The winners of the inaugural Mollie Dyer Awards were announced today in Melbourne. In honour of its extraordinary founder, the Victorian Aboriginal Child Care Agency (VACCA) launched three new annual awards honouring an Aboriginal community member, and Aboriginal employee in the sector, and an Aboriginal young person and for their contribution to Aboriginal child and family welfare, particularly children in out-of-home care.
VACCA’s CEO Prof. Muriel Bamblett AM says the awards are a highly positive step for the Aboriginal community: “we established the Mollie Dyer Awards to celebrate Aboriginal people’s excellent work in supporting Aboriginal children, young people and families to feel safe, be strong in their identity and connected to culture and their community across Victoria”.
Presenting the awards to the winners listed below were members of the judging panel including; CEO of VACCA Muriel Bamblett AM, James Atkinson, CEO Rumbalara and Chairperson of VACCA, Justin Mohammed Commissioner for Aboriginal Children and Young People of Victoria, Josh Smith Executive Director of Aboriginal Victoria with the Department of Premier and Cabinet.
Aunty Melva Johnson, Winner of the Community Award – is a Yorta Yorta and Wemba Wemba Elder, and a champion of Aboriginal education and health. She has taken a leading role in setting up community services around Echuca.
Aunty Laura Bell, Winner of the Community Award – a Gunditjmara Elder who works tirelessly for Aboriginal communities across Victoria. Through her ability to inspire and enlighten, she has helped implement educational, legal and cultural initiatives that have improved lives and created opportunities for Aboriginal people.
Aunty Elaine Taylor, Winner of the Community Regional Award – a proud Wemba-Wemba Bunurong woman and foster grandmother, she has been a Director of the Aboriginal Child Care Agency and the Aboriginal Youth Support & Recreation for four years. Aunty Eliane is also a Director of Dandenong & District Aborigines Co-operative. She has a special interest in Family Services and Mental Health.
Lowana Moore, Winner of the Community Regional Award – a proud Wamba Wamba woman. Lowana is the Programs Manager at Victorian Aboriginal Education Association Inc (VAEAI), where she has worked for over 20 years. Lowana has worked tirelessly in connecting her family who have been part of the OOHC system, through the return to country program.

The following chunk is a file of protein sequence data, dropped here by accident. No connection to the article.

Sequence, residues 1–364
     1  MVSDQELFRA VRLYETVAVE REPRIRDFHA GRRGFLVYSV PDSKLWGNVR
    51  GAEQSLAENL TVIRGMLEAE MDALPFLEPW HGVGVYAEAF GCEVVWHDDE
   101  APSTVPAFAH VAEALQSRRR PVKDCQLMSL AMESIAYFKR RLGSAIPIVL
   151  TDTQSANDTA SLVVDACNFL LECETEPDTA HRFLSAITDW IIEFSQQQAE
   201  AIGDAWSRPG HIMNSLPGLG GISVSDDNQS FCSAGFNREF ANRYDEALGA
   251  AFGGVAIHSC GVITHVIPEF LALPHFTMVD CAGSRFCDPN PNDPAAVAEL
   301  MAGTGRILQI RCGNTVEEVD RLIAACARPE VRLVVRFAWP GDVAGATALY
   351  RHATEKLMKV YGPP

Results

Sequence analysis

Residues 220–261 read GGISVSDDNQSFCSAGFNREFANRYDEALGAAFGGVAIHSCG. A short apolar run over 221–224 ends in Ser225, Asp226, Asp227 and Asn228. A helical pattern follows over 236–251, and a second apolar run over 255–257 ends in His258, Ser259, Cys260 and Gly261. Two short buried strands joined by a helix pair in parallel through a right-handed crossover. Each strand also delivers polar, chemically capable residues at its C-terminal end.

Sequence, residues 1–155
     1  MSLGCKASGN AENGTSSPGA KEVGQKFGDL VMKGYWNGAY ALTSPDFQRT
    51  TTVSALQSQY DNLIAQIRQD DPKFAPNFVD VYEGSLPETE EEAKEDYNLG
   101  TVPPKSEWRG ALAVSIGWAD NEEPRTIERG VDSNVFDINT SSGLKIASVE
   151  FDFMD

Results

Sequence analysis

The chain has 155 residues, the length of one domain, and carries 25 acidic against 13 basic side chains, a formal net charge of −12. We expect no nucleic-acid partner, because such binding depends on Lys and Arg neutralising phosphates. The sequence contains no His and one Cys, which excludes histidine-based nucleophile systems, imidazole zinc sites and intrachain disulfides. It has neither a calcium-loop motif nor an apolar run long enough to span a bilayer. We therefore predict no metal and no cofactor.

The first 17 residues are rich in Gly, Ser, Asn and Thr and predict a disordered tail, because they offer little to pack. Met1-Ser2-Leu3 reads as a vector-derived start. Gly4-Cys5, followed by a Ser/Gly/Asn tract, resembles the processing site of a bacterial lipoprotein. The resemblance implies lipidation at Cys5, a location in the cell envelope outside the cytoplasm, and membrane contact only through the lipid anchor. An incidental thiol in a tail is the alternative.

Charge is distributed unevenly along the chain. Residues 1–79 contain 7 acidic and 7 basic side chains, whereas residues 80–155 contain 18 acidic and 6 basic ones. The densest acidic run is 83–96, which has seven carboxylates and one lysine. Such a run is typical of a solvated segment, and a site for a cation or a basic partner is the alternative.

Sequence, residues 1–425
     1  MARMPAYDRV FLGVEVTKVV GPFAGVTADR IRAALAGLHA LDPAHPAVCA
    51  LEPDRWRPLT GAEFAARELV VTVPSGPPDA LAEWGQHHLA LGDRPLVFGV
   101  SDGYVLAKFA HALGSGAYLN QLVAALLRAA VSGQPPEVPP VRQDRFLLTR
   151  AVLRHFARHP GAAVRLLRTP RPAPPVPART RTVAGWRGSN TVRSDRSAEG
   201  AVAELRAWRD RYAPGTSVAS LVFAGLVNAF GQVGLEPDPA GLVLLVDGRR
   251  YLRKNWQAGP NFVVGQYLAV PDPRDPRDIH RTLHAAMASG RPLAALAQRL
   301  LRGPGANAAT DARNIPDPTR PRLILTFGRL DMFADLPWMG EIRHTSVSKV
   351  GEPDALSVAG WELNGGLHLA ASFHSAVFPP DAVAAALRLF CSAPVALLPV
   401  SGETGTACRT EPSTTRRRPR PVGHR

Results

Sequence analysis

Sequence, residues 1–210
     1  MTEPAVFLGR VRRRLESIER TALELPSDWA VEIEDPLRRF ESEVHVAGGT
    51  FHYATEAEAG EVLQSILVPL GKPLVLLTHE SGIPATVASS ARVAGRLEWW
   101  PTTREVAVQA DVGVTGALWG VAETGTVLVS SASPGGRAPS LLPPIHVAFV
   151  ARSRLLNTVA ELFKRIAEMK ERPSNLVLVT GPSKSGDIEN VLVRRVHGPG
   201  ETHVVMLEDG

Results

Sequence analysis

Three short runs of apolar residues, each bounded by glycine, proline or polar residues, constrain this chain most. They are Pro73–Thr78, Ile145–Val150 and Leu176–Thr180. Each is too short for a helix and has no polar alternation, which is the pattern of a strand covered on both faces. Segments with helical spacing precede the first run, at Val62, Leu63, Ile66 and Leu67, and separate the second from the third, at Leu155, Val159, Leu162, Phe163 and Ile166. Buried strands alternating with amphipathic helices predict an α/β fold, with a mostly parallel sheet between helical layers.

Aunty Geraldine Atkinson, Winner of the Community Regional Award – A proud Bangerang and Wiradjuri woman, Geraldine has devoted her career to expanding the possibilities available for Koorie people through education. Geraldine has been the President of the Victorian Aboriginal Education Association since 1999.
Emma Bamblett, Winner of the Employee Award and a proud Wemba Wemba woman raised in Echuca and living in Melbourne. Emma is the State-Wide Aboriginal Cultural Planning Coordinator. Emma has worked at VACCA for many years, is an acclaimed artist and a strong advocate for the cultural rights of Aboriginal children and young people in Out-of-Home Care.
Nakayla Bamblett, runner up of the Employee Award, works at VACSAL and has spent over a decade working at Aboriginal Community controlled organisations. Nikayla has been a strong advocate for young people her whole life. At 17, she joined the Koorie Youth Council. She strongly believes in giving Aboriginal youth a voice and helping them find their inner power.
Phyllis Rose, runner up of the Employee Award and a proud Gunditjmara and Mutti – Mutti woman. For the last 15 years Phyllis Rose has worked tirelessly for her community within community services to ensure that her community get the supports they need for a better future. Her career began at the League and she has worked at VACCA for five years, she is the Acting Senior Manager for Family Services and Family Violence Program.
The Youth Award winner will not be announced publicly however, we are very proud of their inspirational leadership.
Aunty Mollie Dyer worked tirelessly for the Aboriginal community and in 1976 Mollie, with other Victorian Aboriginal community members founded VACCA, the first Aboriginal-run agency to support Aboriginal children and families.